Thu, 08 Sep 2005

$22M stalemate in Nassau - Newsday

$22M stalemate in Nassau

Lawmakers battle over plan for funds slated to help needy, further delays could cause them to lose it all

September 8, 2005

Political infighting at the Nassau Legislature yesterday held up approval of $22 million intended to help the needy, raising the specter that the federal funds may be lost if a consensus is not reached soon.
During committee sessions and a meeting of the legislature last night, lawmakers could not agree on a spending plan for the Community Development Block Grant funding and put off a decision until Sept. 19.
The stalemate came after a day filled with threats of civil unrest and lawsuits, references to slavery and apartheid, and pitted two black legislators against the one black member of the Hempstead Town board, all Democrats.
Legislators Kevan Abrahams (D-Hempstead) and Roger Corbin (D-Westbury) began by urging their colleagues at the minority affairs committee to vote against the plan to spend $18 million in block grant funds, and $4 million in other federal funds. County officials agree the $22 million is available from HUD.
The two lawmakers argued that the Republican-controlled Town of Hempstead, which is due to receive $5.4 million, had not produced a comprehensive redevelopment plan for Nassau Road in Roosevelt, or properly addressed concerns of other minority communities.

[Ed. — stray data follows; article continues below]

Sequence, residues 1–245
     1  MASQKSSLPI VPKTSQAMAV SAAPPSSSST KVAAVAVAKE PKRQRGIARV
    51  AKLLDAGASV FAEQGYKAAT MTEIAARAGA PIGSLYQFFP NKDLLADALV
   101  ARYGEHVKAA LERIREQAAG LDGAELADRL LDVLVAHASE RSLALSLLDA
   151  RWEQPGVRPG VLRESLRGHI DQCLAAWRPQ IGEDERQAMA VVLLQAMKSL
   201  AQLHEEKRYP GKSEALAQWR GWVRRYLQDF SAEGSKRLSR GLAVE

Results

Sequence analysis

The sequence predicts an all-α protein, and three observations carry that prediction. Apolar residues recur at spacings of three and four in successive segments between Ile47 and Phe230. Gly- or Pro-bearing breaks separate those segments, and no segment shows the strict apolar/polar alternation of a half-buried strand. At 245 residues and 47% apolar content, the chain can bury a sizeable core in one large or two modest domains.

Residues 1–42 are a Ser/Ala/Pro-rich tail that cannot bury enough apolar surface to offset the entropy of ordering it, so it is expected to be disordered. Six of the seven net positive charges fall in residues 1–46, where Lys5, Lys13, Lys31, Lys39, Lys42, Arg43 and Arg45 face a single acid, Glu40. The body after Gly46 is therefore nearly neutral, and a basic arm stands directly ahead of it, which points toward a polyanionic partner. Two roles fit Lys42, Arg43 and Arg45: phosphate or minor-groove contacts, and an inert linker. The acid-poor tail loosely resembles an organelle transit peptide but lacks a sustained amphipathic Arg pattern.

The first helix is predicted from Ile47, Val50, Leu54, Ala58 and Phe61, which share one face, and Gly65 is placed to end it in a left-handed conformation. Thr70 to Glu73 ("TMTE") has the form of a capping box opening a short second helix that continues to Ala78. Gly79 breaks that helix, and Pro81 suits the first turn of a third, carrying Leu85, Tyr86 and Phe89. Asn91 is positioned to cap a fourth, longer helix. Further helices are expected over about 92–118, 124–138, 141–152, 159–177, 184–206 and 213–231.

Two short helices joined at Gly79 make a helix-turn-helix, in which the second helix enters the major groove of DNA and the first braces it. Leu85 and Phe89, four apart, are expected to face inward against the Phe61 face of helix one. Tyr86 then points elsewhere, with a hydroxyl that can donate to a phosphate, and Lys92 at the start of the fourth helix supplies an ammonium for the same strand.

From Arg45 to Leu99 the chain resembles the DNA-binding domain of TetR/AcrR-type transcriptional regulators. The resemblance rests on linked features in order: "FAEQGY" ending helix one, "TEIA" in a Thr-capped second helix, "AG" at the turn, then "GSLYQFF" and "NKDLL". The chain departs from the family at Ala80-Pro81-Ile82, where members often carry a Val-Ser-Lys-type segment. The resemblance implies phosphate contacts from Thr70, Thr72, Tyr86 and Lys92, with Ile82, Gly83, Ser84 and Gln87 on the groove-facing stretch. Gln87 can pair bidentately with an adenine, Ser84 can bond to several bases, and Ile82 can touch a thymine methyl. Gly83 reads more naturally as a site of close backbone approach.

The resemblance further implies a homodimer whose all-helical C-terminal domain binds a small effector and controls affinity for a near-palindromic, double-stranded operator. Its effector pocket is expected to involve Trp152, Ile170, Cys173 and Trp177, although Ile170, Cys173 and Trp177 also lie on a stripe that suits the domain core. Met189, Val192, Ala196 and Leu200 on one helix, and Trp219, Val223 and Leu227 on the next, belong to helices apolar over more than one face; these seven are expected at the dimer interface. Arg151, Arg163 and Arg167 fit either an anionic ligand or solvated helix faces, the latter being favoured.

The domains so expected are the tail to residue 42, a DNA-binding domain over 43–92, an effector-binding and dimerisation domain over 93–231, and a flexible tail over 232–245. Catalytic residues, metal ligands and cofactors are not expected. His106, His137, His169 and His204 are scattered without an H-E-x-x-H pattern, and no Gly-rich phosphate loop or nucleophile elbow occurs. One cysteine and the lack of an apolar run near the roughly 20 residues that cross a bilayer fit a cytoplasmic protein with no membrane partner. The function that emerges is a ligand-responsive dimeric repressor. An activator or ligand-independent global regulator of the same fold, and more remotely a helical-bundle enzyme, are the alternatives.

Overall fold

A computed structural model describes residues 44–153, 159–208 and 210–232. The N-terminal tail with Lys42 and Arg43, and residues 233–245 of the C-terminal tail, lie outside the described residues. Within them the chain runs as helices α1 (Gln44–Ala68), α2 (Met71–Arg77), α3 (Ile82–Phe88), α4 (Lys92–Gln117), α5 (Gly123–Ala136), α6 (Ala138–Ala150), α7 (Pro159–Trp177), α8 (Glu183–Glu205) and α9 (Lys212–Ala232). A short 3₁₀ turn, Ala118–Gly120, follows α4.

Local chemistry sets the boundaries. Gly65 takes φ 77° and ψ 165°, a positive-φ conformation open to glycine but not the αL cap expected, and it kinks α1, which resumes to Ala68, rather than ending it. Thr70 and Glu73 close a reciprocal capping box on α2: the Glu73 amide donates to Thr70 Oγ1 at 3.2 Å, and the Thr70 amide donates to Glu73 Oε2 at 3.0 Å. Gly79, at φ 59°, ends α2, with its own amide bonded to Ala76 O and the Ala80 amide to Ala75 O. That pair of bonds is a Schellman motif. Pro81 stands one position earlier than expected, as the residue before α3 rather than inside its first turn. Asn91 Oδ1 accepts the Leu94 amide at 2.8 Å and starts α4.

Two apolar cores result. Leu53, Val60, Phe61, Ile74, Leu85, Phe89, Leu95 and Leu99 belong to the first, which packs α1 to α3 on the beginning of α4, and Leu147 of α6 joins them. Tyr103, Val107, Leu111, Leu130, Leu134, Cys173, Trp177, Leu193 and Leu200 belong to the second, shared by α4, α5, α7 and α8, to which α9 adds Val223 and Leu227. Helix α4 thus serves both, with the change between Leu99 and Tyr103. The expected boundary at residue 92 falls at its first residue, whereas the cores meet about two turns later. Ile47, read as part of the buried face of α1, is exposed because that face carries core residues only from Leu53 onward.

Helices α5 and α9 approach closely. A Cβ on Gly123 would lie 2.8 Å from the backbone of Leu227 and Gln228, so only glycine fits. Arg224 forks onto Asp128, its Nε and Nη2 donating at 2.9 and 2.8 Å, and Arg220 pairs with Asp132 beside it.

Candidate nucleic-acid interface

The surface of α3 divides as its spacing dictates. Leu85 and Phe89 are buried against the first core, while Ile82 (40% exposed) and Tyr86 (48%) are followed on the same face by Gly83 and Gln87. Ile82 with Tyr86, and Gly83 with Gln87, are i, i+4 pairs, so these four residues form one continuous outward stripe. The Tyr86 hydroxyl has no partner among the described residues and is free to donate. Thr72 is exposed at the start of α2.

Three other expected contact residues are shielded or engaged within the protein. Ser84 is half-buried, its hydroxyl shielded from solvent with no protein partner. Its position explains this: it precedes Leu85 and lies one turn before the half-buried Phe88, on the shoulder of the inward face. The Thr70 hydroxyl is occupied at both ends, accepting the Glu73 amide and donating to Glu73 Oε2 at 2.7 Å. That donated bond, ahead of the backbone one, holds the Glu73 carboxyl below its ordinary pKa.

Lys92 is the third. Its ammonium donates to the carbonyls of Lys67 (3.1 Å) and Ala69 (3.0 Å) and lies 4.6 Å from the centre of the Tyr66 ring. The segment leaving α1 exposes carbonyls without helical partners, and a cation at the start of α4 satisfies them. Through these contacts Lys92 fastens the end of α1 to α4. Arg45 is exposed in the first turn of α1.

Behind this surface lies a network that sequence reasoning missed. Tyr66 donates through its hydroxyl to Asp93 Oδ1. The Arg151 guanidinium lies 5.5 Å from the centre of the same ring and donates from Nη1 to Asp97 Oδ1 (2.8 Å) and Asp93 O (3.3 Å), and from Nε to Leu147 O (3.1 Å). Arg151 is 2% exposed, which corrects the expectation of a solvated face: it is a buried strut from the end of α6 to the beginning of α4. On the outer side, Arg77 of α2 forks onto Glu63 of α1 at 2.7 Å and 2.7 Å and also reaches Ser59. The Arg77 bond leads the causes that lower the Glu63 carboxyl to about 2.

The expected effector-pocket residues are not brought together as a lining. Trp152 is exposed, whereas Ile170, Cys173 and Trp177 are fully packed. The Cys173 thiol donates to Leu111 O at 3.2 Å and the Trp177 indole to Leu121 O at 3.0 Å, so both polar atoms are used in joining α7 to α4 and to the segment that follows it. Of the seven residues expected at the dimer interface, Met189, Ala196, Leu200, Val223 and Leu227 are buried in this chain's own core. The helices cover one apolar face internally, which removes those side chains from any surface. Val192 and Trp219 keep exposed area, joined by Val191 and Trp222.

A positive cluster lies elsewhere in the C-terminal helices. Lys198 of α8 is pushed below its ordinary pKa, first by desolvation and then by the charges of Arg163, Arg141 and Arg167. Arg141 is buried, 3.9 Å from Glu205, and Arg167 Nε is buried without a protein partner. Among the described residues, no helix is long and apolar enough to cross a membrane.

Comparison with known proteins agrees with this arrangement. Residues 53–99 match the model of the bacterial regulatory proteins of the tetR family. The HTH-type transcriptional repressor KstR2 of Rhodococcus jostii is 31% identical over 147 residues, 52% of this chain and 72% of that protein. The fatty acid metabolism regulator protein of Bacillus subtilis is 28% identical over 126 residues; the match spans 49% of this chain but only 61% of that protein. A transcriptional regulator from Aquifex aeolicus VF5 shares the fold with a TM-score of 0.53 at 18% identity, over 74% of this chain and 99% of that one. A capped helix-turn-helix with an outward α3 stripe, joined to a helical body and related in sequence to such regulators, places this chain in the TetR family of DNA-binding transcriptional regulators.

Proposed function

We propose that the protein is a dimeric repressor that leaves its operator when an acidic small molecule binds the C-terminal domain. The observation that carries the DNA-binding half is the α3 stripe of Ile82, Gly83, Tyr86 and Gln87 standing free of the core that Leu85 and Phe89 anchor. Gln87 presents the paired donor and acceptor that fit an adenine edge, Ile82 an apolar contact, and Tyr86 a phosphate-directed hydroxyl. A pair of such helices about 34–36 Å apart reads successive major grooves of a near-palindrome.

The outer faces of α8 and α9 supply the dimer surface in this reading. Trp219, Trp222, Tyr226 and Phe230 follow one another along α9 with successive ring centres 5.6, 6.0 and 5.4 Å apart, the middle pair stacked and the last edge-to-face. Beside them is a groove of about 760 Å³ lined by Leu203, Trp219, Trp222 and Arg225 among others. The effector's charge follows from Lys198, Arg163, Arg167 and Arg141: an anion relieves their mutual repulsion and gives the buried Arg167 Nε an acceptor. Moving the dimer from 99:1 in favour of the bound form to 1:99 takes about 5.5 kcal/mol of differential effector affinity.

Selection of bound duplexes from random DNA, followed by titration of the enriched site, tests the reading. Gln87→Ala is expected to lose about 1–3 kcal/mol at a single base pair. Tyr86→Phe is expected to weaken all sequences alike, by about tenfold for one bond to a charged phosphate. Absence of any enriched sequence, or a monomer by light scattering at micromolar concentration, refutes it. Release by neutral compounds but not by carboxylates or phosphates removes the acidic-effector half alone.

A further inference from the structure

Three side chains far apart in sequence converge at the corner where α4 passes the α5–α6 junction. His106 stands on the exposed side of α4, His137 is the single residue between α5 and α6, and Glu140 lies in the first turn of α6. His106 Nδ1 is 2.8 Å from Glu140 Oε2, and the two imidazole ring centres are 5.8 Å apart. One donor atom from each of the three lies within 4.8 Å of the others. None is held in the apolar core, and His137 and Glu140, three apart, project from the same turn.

Their arguments had persuaded majority Democrats on the committee in July to table the application for the funds. Nassau had applied for the money last month, but the U.S. Department of Housing and Urban Development rejected the application Aug. 18 because the legislature had not authorized the spending plan, and gave the county 45 days to remedy the problem.
Yesterday, Corbin likened the treatment minorities receive in Hempstead to slavery, the disaster in New Orleans, and apartheid in South Africa.
But Hempstead Town’s special counsel, Harrison Edwards, said that if the county does not approve the plan, it will be violating its contracts with the 31 governments and agencies scheduled to receive a share of the money.
The rhetoric escalated when Dorothy Goosby, Hempstead’s only black board member, who represents Roose- velt, appeared at a news conference called by Corbin and Abrahams outside the county executive building in Mineola. Goosby complained the legislators had not talked to her or appeared at any public hearings for developing the plan. "We have a comprehensive plan," she said.
At the news conference, Corbin and Abrahams introduced lawyer David Bythewood and said the administration of Nassau County Executive Thomas Suozzi had agreed to hire him to conduct a study to determine whether Hempstead has been spending its federal money properly.
Afterward, minority leader Peter Schmitt (R-Massapequa) said his delegation will not vote for the HUD application as long as any lawyer hired by the administration is reviewing Hempstead’s spending. "That is not the role of the administration. That is the role of HUD," Schmitt said. He also noted the administration had not issued a request for proposals to hire Bythewood as required by county rules.
But Suozzi’s counsel, William Cunningham, said such a formal process is not needed. He said there are three lawyers in the mix and that "We have not retained anyone" at this point. "I’m telling you no one has been hired. We have agreed that we will hire," he said.

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